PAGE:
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Guardianship Doesn't Prevent Bad Things From Happening

Remember, having a guardianship doesn’t prevent bad things from happening. 

There are many “what if...?” questions asked by families. For instance I have often heard, “Shouldn’t I become my son’s guardian, just in case?”

If someone with a disability is in an accident, circumstances are not any different than they are for the rest of us. If a person is injured in a car crash, and is taken unconscious to the hospital emergency room, medical personnel are legally empowered to take any action necessary to save life or limb, regardless of the person’s inability to consent. If the situation is not an emergency, but is nonetheless urgent, medical personnel typically ask next of kin for treatment permission, regardless of whether or not the person had a disability before the accident or urgent situation.

What if a written or verbal authorization is legally required for medical treatment and someone is not able to give one, and there is no medical power of attorney in place? In such cases, a temporary guardian can be immediately appointed at any hour by the local judge on-call, and the judge can grant the temporary guardian only the power to sign the medical authorization. The procedure is the same whether or not a person has a disability, and a judge’s order can be very narrowly defined so as to achieve authorization for needed treatment that lasts only until the person her/himself can resume exercising their own power of consent.

1.      Supports Available to All of Us

A.     Family and Friends

B.     Circles of Support

C.     Releases of Information; Advocacy Authorizations; Appointment of Personal Representative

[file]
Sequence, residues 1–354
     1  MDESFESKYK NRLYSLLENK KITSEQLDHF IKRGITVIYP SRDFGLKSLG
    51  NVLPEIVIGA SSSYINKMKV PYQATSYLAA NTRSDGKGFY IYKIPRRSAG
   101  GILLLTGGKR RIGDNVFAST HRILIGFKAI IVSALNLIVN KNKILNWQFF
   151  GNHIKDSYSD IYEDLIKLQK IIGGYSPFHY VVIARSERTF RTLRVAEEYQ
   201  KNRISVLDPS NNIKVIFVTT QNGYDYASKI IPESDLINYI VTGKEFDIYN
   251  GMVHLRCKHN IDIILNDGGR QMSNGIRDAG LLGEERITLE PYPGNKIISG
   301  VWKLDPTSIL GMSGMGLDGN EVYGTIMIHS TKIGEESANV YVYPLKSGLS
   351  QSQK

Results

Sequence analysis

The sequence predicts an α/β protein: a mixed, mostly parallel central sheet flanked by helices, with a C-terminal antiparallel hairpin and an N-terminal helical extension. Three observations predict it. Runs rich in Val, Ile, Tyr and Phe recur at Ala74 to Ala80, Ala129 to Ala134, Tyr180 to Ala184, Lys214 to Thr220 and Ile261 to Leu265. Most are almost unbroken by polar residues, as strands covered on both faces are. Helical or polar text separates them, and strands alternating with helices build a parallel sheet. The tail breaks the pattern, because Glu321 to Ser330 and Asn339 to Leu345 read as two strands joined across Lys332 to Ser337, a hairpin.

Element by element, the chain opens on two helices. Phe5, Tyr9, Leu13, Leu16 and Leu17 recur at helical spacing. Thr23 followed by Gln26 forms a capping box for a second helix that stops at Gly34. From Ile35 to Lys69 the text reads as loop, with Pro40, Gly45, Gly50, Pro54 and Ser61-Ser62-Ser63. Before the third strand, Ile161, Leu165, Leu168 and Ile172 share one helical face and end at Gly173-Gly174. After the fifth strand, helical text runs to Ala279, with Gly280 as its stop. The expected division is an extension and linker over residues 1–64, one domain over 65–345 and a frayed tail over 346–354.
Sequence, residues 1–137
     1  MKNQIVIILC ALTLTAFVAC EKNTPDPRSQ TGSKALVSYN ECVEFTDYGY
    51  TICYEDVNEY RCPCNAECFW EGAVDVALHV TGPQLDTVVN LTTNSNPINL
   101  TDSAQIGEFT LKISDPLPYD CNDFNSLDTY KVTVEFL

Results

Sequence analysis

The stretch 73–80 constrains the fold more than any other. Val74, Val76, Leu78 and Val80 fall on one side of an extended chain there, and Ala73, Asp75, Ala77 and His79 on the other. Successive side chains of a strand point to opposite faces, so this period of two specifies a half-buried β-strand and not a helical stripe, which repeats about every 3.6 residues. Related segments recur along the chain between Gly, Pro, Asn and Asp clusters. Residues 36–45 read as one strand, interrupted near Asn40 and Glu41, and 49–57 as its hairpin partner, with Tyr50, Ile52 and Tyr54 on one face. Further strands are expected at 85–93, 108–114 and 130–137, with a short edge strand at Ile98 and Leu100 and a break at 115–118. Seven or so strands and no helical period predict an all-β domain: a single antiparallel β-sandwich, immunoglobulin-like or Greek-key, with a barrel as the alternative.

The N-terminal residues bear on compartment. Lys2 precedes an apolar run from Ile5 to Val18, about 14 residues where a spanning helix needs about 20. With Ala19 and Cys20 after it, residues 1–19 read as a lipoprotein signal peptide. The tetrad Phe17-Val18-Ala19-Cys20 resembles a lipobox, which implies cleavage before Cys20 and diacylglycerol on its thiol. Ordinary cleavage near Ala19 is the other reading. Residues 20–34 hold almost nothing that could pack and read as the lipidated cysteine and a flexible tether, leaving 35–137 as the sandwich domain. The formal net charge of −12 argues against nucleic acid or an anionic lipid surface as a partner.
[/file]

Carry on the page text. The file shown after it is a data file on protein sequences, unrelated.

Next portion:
2.      Scheduled Checks and Alerts-Generic Community Assistance

A.     Postal service checks

B.     Unpaid utility bills/meter reader observations

C.     Telephone reassurance programs

 

3.      Generic and Disability Supports

A.     Food and prescription drug deliveries

B.     Meals on Wheels

C.     Home visitors and “Pets on Wheels”

D.    Service animals

E.     Transportation to medical and other appointments

F.     Personal Assistance/Home Health Services

G.    Home sharing/roommate

H.    Home and Community-based Services (HCBS) or other Medicaid Waiver

 

4.      Legal Assistance Requested and/or Authorized by the Person

A.     Advance Directives/Protective Medical Decisions Document (PMDD)/Living Will

B.     Surrogate decision making/Health Care Proxy

C.     Durable Powers of Attorney

 

5.      Assistance with Finances

A.     Banking services

B.     Joint ownership of bank accounts, or two-signature checks

C.     Authorization of a specific banking transaction

D.    Living and/or other Trusts (Amenities Trusts/OBRA Trusts)

E.     Representative Payee (appointed by Social Security for SSI/SSDI benefits)

F.     Conservatorship

 

6.      Assistance Where We Live

A.     Case Management/Supports Coordination

B.     Senior Care/Adult Day Care

C.     Respite Care programs

D.    Continuing Care Retirement Communities

E.     Assisted Living facilities

F.     Group/Foster Care Homes

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